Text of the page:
The four line consists of seven syllables.
The fifth line consists of seven syllables. 

The first three lines of the tanka, called the “upper phrase” (“kami-no-ku”), are arranged in a 5 – 7 – 5 pattern which resembles the haiku poem in its structure. The “upper phrase” will often describe a thought or observation about the natural world. 

The next two lines of the tanka, called the “lower phrase” (“shimo-no-ku”) are arranged in a 7 – 7 pattern and will often comment or summarize the observation of the “upper phrase.”

For example:

cold wind blows outside
while the moon gleams as stars do
light struck through my thoughts
two fireflies have merged their winds
once so bright now just shadows

JASON


Writing a Haiku or a Tanka poem


Do you want to write your own haiku or tanka poem? You can! 

Writing a haiku or a tanka poem can be inspiring and rewarding! All it requires is concentration and focus. 

The following tips and thoughts will help you on your way:

Choose a topic: use what comes to mind without judgement. At this stage, don’t worry about counting syllables or controlling the form. Carry a notebook and ask yourself questions: 
What are you observing? 
What are you thinking about right now? 
How are you feeling? 

Convert your thoughts into images and symbols which capture the essence of your observations. Use details from all your senses.

Continue some of your sentence without pause from one line to the next, flowing the sentences around the ends of each line.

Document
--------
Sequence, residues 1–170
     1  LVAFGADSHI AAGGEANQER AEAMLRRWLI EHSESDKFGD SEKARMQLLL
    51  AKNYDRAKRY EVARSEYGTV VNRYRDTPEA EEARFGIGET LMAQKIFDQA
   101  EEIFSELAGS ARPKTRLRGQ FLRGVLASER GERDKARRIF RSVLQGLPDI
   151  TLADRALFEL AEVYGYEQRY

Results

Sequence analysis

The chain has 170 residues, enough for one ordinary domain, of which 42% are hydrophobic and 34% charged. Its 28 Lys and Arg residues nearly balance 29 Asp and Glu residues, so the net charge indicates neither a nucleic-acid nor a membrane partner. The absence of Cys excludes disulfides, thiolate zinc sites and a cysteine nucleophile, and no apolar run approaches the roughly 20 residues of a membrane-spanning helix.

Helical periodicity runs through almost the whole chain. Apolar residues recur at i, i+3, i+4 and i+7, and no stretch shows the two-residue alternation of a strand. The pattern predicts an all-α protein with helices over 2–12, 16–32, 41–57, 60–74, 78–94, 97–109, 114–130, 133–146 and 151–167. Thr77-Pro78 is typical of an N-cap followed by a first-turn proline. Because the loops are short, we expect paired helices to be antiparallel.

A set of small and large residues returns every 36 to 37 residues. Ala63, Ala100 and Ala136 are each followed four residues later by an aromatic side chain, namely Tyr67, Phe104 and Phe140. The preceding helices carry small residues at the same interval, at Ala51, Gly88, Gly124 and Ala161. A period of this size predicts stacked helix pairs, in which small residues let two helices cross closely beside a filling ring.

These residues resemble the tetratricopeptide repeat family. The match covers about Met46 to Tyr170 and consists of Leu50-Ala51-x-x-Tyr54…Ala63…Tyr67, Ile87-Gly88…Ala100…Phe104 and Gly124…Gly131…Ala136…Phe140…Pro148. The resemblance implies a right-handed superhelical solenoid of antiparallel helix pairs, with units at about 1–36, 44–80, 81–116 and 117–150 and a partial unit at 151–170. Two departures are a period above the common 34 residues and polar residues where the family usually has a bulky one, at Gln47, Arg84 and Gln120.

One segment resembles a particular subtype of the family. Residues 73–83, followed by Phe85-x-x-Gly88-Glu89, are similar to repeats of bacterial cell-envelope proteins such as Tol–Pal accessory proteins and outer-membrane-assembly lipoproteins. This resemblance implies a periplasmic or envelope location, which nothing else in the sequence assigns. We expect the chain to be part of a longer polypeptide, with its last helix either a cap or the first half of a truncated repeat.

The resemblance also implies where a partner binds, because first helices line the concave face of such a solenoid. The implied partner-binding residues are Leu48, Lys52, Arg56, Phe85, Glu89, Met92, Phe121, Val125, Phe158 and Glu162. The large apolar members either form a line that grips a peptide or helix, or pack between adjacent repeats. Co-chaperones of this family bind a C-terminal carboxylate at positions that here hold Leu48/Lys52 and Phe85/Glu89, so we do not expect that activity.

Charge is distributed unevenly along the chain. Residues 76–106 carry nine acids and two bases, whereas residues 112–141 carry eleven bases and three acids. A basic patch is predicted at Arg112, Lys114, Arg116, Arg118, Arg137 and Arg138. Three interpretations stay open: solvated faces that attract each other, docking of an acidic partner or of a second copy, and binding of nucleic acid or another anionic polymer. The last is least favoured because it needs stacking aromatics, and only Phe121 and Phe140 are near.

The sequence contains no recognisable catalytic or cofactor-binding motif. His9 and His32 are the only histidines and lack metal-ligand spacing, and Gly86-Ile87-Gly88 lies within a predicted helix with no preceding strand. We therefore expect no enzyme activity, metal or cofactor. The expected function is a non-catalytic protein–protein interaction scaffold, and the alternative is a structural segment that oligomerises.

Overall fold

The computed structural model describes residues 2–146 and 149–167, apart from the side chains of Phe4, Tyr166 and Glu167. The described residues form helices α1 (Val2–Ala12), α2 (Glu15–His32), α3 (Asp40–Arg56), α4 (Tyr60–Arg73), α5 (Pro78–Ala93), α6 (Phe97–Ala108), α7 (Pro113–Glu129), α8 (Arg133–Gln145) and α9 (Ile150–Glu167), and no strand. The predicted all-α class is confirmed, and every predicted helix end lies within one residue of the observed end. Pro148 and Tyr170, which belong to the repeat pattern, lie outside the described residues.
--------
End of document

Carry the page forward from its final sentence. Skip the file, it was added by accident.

Use a variety or rhythms and word structures within the lines. Use different multi-syllabic words at the ends of the lines to create an interesting rhythm: do not end each line with a one-syllable word.  

Do not make a rhyme at the end of the line. You do not need to use a title or punctuation.


When Writing a Haiku

Now is time to pay attention to the syllabic structure of the poem:

Line 1: 5 syllables
Line 2: 7 syllables
Line 3: 5 syllables

The first two lines contain the images; the third line sums up the poem.

For example:

the sun rose at dawn
warming the world with its light
though my bed was cold

TERI



When writing a Tanka:

Follow the structure of a tanka poem:

Line 1: 5 syllables
Line 2: 7 syllables
Line 3: 5 syllables
Line 4: 7 syllables
Line 5: 7 syllables

The first two lines will describe your experience. The third line will reflect on the first two lines. In the last two lines, reflect on the rest of the poem.  

For example:

I fell in the lake
into the deepest black hole
I am silent now
without your touch and your look
I breath and I die

TERI


Conclusion


The modern-day haiku and tanka poems take many liberties with the traditional form. Nevertheless, the haiku and the tanka remain very special forms of poetry. When successful, their condensed, powerful form still touches our unconscious as well as our conscious awareness. 

If you wish to read a haiku or a tanka poem, create an atmosphere conducive to thought and consideration. Slow yourself down into the rhythm of the poem. Read the poem more than once. Breathe and enjoy. 

Useful Note: For a quick check to see if your poem follows the rules, try out this awesome haiku checker!